From the event website:
"Your genome is all of the 6 billion letters of DNA code found in each of your cells. This evening we are hosting two scientists who will tell you about some of the things we can learn from all that information. You will also hear from a scientist who works on understanding how social disparities can be reflected or even reinforced by genome science, and how we can make sure this doesn't happen."
Scientific and ethical imperatives for opening up genomic research
Jerome Atutornu (PhD student at the Society and Ethics Research group at the Wellcome Genome Campus, Lecturer in diagnostic radiography at the University of Suffolk)
Identification of disease risk, design of targeted therapies and prediction of drug response have all been enabled by genomics. This progress has resulted in growing optimism that genomics has the potential to revolutionise healthcare. However, due to existing inequalities in health systems, genomics is in fact at risk of perpetuating disparities. Research already suggests a lack of representation for minority ethnic groups in genomic research. This talk will discuss the scientific imperative and the issues of social justice that underpin the need for increased diversity in genomic research.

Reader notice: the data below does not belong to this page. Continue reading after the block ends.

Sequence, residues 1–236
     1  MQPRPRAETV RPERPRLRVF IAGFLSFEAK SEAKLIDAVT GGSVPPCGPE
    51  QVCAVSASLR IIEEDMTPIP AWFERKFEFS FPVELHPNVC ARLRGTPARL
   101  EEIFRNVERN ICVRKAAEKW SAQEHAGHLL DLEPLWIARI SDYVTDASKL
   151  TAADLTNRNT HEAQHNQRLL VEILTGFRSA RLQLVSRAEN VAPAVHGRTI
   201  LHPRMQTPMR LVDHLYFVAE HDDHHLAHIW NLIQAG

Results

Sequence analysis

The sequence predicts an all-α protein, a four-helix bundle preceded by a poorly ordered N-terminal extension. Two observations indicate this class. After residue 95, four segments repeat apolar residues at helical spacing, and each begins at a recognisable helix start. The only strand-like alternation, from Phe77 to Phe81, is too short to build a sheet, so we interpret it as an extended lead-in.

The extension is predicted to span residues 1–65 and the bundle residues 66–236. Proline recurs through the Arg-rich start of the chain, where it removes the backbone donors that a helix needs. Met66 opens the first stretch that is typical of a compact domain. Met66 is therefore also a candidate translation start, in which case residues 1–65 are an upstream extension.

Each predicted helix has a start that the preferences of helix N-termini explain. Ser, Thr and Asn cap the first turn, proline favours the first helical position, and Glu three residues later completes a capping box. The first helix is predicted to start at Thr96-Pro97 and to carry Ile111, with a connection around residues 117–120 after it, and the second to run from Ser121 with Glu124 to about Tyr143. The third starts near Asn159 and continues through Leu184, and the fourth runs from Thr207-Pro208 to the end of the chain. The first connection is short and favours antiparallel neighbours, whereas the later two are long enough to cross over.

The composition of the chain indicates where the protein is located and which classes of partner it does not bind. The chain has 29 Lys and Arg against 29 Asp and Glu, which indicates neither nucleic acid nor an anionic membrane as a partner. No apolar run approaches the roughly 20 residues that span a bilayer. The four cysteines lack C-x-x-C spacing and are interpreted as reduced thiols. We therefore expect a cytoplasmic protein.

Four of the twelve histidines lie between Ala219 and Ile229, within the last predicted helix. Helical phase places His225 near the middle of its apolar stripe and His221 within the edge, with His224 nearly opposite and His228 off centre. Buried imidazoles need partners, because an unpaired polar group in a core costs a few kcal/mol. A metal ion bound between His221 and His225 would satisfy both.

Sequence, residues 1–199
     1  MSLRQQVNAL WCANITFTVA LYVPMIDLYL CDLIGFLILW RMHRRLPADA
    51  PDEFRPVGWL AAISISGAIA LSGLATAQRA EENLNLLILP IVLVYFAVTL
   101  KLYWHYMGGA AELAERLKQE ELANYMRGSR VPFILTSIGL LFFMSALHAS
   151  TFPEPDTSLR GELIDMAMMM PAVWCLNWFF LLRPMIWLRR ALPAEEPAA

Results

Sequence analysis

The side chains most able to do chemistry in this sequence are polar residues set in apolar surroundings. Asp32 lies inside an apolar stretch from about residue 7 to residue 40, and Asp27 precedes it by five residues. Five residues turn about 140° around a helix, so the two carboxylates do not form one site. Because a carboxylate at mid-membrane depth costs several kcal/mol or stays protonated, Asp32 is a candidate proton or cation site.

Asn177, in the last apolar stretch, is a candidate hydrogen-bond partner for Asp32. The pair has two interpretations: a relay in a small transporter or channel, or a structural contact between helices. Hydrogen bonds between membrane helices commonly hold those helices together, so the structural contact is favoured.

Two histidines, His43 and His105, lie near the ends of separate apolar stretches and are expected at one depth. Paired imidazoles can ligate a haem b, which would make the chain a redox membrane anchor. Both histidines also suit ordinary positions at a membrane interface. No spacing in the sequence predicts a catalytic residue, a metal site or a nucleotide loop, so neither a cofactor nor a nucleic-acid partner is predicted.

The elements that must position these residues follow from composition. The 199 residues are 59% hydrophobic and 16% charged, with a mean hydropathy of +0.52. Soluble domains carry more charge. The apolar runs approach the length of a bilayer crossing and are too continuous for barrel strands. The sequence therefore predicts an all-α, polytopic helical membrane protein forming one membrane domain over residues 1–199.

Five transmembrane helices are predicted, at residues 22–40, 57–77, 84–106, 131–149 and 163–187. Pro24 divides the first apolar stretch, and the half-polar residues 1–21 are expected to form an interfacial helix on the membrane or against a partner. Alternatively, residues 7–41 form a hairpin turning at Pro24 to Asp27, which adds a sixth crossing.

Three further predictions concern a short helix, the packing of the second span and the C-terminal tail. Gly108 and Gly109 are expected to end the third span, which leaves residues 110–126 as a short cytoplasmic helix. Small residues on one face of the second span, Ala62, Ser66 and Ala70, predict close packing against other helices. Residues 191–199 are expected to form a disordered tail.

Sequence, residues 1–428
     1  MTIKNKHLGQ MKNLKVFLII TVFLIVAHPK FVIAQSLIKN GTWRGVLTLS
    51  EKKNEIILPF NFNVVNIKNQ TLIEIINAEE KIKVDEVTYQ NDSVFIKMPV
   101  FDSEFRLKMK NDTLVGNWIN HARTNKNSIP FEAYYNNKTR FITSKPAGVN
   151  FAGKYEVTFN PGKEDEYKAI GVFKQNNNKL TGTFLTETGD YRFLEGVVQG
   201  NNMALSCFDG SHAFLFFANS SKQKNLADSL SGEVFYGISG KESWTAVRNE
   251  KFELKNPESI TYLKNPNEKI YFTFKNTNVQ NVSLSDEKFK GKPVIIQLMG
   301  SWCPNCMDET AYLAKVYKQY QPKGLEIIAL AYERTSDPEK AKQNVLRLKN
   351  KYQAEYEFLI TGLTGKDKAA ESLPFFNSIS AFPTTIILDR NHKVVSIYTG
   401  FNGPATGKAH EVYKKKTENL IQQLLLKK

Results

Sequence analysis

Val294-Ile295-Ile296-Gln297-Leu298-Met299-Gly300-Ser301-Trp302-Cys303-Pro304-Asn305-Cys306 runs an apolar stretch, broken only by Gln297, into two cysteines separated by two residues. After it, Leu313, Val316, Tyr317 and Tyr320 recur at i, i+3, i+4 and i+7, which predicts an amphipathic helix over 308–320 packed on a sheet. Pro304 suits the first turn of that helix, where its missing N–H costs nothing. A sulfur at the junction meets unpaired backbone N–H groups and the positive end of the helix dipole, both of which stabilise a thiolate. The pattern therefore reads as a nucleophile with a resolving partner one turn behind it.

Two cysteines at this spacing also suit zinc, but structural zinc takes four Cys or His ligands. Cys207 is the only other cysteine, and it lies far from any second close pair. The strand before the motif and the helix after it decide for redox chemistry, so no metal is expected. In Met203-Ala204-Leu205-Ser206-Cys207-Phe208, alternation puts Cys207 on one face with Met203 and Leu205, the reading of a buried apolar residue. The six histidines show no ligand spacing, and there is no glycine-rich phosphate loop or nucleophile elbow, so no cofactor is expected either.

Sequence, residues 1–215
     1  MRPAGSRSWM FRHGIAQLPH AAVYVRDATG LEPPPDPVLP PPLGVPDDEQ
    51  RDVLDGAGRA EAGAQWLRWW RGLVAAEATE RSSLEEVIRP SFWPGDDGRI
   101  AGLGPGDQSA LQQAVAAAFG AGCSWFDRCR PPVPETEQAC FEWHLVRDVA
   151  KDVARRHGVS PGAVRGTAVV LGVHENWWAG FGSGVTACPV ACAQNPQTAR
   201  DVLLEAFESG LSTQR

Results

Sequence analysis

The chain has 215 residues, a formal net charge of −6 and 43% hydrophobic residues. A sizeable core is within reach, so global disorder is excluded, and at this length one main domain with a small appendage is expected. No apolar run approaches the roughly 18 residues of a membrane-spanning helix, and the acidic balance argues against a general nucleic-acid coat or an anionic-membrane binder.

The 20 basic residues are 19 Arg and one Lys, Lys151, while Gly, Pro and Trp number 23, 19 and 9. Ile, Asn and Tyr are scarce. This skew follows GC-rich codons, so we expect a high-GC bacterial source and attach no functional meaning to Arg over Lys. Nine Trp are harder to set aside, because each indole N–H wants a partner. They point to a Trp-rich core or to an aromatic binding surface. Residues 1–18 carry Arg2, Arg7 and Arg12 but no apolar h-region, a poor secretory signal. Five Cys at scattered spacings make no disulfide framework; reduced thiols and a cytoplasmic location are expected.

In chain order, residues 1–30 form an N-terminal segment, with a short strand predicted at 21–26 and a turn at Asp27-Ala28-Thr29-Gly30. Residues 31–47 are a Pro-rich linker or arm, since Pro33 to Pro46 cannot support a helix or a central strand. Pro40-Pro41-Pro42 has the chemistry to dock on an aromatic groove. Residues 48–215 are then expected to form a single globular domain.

Atutornu J (2019). Scientific and ethical imperatives for opening up genomic research. "Let's get genomical" Pint of Science. Cambridge, UK, 22nd May. Spoken presentation/public engagement